As such, in this interpretation we are not fighting an
international network of terrorists, but an idea. This interpretation of the
enemy, of the threat, has been taken up by the Liberal Left against the
neo-conservative interpretation of the Bush administration and Zelikow
Commission. Burke is a senior journalist for The Guardian and The Power of
Nightmares broadcast on the BBC, both considered broadly Liberal Left media
This view has also become the de facto view of the Obama administration. As noted by the Huffington Post shortly after Obama took over the US presidency, he did not use the term war on terror:
Since taking office less than two weeks ago, President Barack Obama has talked broadly of the "enduring struggle against terrorism and extremism." Another time it was an "ongoing struggle." - Huffington Post
Some call it an extension of the domain of the struggle. Others
call it mission creep. Instead of fighting a physical enemy, who can be
disrupted, captured or most likely killed, we are fighting ideas. This is
potentially a much broader fight, one that goes beyond any particular group,
however closely or loosely knit. In expanding the battleground from just the
physical wars across the Middle East to also include the abstract struggle of
ideas, the Obama administration has publicly made a target of anyone and
everyone who believes an idea considered to be dangerous.
It is chilling to think that of this broadening of the struggle in the context of a notorious statement made by Obama advisor Zbigniew Brzezinski. In a meeting at Chatham House he delivered the annual Whitehead lecture and spoke of the challenges facing the newly-elected president.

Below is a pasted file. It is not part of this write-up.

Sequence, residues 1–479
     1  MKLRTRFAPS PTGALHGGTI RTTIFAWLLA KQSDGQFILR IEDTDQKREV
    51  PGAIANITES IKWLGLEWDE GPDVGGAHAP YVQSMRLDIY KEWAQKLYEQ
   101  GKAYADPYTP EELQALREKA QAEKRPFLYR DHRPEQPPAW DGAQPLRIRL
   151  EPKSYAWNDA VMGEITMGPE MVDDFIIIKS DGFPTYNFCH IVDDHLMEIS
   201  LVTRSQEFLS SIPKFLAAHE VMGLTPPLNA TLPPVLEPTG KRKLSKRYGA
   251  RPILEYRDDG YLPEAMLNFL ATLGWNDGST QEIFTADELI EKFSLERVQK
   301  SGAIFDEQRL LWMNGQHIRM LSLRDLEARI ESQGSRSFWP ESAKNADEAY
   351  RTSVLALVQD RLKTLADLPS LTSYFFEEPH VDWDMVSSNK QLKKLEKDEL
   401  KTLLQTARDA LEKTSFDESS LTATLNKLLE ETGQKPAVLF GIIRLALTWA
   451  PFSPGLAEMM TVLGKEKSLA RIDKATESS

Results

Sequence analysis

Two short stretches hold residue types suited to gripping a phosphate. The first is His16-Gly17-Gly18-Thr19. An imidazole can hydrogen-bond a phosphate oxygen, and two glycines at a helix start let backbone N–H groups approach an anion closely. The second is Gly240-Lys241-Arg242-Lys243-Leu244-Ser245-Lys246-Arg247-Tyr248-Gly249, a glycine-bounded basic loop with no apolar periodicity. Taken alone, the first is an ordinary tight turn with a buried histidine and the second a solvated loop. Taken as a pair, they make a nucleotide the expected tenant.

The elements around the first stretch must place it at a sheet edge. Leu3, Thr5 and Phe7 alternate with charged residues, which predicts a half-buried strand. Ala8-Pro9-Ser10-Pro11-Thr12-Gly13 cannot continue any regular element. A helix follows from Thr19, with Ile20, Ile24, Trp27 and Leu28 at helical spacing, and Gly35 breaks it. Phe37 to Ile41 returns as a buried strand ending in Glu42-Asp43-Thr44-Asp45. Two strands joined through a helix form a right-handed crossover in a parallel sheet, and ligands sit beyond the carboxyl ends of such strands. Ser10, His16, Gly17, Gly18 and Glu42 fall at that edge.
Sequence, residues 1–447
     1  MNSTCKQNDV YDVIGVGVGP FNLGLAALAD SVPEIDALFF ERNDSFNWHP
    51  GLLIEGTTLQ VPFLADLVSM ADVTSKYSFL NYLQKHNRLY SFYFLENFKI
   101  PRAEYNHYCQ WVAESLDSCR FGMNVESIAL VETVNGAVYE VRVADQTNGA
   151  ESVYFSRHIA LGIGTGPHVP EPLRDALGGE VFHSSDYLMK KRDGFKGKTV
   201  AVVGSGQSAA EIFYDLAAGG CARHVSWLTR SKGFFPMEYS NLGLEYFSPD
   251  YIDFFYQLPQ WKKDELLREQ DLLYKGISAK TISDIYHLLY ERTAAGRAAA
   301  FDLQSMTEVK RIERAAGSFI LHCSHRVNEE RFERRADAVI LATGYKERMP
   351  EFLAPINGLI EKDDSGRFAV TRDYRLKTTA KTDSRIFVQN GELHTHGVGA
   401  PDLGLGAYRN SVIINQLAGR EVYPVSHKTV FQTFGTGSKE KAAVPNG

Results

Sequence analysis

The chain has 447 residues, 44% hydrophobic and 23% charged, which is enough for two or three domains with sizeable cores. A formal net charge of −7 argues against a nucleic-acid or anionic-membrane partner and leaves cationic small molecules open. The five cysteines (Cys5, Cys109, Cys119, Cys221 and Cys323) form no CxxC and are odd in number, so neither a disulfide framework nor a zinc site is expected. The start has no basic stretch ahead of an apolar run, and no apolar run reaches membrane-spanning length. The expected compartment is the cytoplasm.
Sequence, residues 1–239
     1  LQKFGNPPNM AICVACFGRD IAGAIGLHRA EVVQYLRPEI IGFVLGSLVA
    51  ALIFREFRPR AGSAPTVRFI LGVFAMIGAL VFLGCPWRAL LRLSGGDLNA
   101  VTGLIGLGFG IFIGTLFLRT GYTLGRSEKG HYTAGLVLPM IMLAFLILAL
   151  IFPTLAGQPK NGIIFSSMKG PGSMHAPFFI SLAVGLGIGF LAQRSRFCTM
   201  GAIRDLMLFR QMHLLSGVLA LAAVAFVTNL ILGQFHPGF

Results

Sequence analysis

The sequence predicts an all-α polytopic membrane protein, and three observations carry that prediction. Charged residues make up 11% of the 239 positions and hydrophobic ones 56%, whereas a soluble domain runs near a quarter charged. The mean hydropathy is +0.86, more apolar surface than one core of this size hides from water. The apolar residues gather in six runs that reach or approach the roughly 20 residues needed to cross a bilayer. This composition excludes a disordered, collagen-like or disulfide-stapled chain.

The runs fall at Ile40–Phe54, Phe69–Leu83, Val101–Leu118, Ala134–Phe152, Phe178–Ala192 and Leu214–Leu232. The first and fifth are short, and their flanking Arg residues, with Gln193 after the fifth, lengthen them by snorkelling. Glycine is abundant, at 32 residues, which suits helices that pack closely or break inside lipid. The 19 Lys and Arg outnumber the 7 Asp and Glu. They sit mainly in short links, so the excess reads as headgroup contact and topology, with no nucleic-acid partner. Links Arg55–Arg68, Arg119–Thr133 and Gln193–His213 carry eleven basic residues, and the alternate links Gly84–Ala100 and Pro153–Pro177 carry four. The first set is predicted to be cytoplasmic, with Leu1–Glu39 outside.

Today it is infinitely easier to kill a million people than it is to control a million people. - Brzezinski, Chatham House
This shift in the official interpretation occurred sometime after the publication of Inside Al Qaeda and the broadcast of The Power of Nightmares. Within two hours of the 7/7 bombings in London, agents within the security services told BBC security correspondent Frank Gardner that the attacks bore the hallmark of Al Qaeda. Yet when the alleged bombers were identified, there was no evidence of them having anything to do with Bin Laden or any centralised command structure. A week after the bombings the head of the Metropolitan Police Sir Ian Blair explained the discrepancy:
Al Qaeda is not an organization. Al Qaeda is a way of working, but this has the hallmark of that approach. - Sir Ian Blair, Fox News
Weeks later, this view of Al Qaeda was also articulated by terrorist mastermind and triple agent Luai Sakra. He was captured in Turkey and ultimately convicted of being behind the 2003 Istanbul bombings. Shortly after his arrest, in August 2005, the Turkish newspaper Zaman reported on the information gleaned from interrogating him.